"La Niña means Little Girl in Spanish. La Niña is also sometimes called El Viejo, anti-El Niño, or simply "a cold event." La Niña has the opposite effect of El Niño. During La Niña events, trade winds are even stronger than usual, pushing more warm water toward Asia. Off the west coast of the Americas, upwelling increases, bringing cold, nutrient-rich water to the surface.
These cold waters in the Pacific push the jet stream northward. This tends to lead to drought in the southern U.S. and heavy rains and flooding in the Pacific Northwest and Canada. During a La Niña year, winter temperatures are warmer than normal in the South and cooler than normal in the North. La Niña can also lead to a more severe hurricane season.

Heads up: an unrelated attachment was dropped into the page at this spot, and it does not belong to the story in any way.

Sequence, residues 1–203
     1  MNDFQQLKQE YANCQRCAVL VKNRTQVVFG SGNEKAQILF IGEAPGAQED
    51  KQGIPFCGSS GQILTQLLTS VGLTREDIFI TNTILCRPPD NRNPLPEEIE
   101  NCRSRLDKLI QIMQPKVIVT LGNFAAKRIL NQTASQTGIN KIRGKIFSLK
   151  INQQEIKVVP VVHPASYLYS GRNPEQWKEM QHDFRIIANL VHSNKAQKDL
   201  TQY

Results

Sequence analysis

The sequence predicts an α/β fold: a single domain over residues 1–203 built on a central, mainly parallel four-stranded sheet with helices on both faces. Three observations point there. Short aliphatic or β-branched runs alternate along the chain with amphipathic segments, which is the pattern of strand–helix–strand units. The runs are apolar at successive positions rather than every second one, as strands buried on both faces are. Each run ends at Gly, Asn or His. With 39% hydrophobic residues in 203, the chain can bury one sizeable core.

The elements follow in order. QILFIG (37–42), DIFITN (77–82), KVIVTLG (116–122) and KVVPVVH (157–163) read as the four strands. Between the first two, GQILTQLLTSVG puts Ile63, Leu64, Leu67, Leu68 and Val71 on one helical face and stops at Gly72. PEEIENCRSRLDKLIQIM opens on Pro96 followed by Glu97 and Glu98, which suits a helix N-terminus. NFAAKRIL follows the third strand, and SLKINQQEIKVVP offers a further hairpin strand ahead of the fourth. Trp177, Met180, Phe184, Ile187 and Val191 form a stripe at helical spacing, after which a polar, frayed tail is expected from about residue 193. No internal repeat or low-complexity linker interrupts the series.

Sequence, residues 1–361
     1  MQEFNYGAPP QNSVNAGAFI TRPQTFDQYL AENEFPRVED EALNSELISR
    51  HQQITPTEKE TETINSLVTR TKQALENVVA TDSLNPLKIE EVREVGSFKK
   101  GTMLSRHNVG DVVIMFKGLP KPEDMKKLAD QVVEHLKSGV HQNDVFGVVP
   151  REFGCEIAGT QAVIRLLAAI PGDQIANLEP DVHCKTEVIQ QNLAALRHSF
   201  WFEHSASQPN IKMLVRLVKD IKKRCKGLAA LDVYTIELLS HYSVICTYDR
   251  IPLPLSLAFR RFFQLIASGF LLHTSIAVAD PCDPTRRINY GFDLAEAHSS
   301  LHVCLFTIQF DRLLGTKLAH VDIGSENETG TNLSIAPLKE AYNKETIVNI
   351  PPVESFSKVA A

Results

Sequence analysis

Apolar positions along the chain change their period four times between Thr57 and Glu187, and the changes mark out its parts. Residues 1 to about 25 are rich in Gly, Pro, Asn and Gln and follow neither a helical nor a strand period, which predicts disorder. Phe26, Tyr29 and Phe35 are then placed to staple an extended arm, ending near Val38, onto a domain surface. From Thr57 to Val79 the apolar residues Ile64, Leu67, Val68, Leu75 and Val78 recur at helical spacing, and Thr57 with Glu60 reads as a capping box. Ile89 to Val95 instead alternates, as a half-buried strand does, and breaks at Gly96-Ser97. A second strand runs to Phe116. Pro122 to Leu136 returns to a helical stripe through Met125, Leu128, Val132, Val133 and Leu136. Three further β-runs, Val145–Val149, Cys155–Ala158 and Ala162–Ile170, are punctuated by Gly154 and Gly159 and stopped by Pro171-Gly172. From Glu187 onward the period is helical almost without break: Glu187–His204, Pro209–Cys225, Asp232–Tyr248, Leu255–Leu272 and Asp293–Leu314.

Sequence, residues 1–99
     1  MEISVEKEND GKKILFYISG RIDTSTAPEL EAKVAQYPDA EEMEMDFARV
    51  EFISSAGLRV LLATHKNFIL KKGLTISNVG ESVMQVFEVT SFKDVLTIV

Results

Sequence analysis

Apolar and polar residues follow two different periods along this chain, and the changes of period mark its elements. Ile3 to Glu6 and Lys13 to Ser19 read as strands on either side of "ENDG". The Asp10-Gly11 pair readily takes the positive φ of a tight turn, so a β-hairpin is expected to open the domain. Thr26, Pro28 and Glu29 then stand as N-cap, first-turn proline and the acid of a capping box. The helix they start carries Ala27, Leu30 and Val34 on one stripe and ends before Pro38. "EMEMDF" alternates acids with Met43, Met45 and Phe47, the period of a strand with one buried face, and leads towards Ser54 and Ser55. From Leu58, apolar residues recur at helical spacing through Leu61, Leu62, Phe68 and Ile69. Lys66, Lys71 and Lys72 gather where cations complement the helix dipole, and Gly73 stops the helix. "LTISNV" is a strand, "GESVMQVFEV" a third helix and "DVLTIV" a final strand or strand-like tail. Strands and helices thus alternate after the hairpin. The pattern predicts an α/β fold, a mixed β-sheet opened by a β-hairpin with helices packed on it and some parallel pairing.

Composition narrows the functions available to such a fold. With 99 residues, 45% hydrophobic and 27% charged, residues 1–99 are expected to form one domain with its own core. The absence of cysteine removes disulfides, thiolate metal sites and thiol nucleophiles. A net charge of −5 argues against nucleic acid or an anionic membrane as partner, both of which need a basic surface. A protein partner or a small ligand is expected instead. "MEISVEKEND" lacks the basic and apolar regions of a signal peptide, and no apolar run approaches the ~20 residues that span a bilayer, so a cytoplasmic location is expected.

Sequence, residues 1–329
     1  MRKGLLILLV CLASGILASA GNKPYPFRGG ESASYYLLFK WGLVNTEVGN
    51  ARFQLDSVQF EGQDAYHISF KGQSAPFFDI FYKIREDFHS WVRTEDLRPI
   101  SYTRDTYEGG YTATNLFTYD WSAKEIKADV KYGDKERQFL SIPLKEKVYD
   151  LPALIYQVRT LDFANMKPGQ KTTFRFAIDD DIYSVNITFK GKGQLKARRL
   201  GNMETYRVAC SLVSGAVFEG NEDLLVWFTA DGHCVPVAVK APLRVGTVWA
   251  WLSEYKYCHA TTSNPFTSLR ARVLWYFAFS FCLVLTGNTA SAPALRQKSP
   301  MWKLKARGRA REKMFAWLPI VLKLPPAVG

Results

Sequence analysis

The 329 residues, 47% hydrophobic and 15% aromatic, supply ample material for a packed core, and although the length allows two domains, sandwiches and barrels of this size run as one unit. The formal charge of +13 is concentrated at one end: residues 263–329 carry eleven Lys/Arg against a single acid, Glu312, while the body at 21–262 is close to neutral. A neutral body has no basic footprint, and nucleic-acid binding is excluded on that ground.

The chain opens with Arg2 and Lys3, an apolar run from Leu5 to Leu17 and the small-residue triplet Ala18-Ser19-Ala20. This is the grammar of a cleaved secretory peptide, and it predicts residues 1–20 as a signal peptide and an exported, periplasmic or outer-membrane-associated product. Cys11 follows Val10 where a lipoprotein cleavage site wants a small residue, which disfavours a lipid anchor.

During La Niña, waters off the Pacific coast are colder and contain more nutrients than usual. This environment supports more marine life and attracts more cold-water species, like squid and salmon, to places like the California coast." (NOAA, 2023)